Source Orinoco Tribune
CARACAS, Venezuela: The head of the Colombian government’s delegation for the peace process, Camilo González Posso, announced that the peace talks with the Central General Staff (EMC) of the of the Revolutionary Armed Forces of Colombia (FARC) will resume, after being suspended for 10 days.
González Posso explained that for the new round of negotiations, a package of protocols and agreements focused on respect for the civilian population was approved. 
“We have approved 21 commitments based on humanitarian law and human rights to protect life in all its forms, including the non-recruitment of children and adolescents, limiting anti-personnel mines and  guaranteed freedoms for the people,” he announced.
He stressed that apart from the approved package, which will include verification mechanisms, rules and commitments, the two delegations will also address issues related to pedagogy, participation, and details for the agenda that will mark the roadmap of the peace process. “Hence, between the next round and another one to be held at the end of the year, there will be a structured method for the process,” he added.
He pointed out that the new round of talks coincides with the seventh anniversary of the signing of the Peace Accords with the FARC on November 24, 2016. “It is a moment to pay tribute to those who have worked persistently for peace, as well as for the more than 400,000 victims of the war,” González Posso said.
Implementation mechanisms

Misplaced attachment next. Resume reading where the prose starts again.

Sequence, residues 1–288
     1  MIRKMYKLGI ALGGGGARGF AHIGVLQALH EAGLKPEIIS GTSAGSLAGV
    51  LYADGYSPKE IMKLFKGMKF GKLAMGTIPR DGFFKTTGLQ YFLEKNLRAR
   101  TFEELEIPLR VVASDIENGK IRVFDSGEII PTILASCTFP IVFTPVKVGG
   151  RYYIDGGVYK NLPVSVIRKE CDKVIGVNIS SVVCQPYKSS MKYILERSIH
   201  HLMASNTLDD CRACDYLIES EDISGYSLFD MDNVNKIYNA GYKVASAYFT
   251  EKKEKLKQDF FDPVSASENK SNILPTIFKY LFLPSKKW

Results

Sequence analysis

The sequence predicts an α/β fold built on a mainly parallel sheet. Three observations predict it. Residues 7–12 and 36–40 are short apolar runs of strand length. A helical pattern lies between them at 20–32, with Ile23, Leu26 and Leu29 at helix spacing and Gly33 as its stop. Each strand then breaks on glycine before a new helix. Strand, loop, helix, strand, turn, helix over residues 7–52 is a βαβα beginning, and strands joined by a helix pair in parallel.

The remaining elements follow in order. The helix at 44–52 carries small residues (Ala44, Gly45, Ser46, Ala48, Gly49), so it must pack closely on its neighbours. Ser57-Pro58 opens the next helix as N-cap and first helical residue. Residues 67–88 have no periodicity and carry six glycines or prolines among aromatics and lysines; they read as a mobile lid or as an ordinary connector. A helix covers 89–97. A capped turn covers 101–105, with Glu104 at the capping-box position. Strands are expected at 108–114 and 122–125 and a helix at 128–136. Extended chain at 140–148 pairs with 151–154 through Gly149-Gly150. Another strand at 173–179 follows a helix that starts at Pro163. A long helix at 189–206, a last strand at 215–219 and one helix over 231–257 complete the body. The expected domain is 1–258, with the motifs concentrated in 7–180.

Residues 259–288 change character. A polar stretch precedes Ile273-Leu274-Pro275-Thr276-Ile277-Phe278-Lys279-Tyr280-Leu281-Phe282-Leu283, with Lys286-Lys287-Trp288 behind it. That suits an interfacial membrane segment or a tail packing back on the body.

González Posso stated that the provisions must be developed with “immediate application mechanisms.” “We have defined territorial transformations to resolve situations of poverty, as well as to dismantle illegal economies and seek satisfactory transformations,” he said.
According to the chief negotiator, a contingency mechanism, integrated by the United Nations and the OAS Mission to Support the Peace Process in Colombia, has been working to deal with cases that have arisen in some regions, “cases that disturb the ceasefire, or cases of violations of ceasefire.”
On October 16, the ceasefire between the government and the FARC dissidents began. It is initially supposed to last three months and will remain valid until January 15, 2024.
However, on November 5, FARC dissidents announced a unilateral suspension of the peace process, with the objective of carrying out “consultations and reorganization.”
In a communiqué, the armed group condemned the Columbian government’s “continuous non-compliance with the agreements” that had been signed by the two sides, and the “lack of seriousness on the part of the Colombian government in complying with the protocols, commitments signed and approved in the dialogue.”
Nevertheless, the organization clarified that it maintains its commitment to the ceasefire agreement.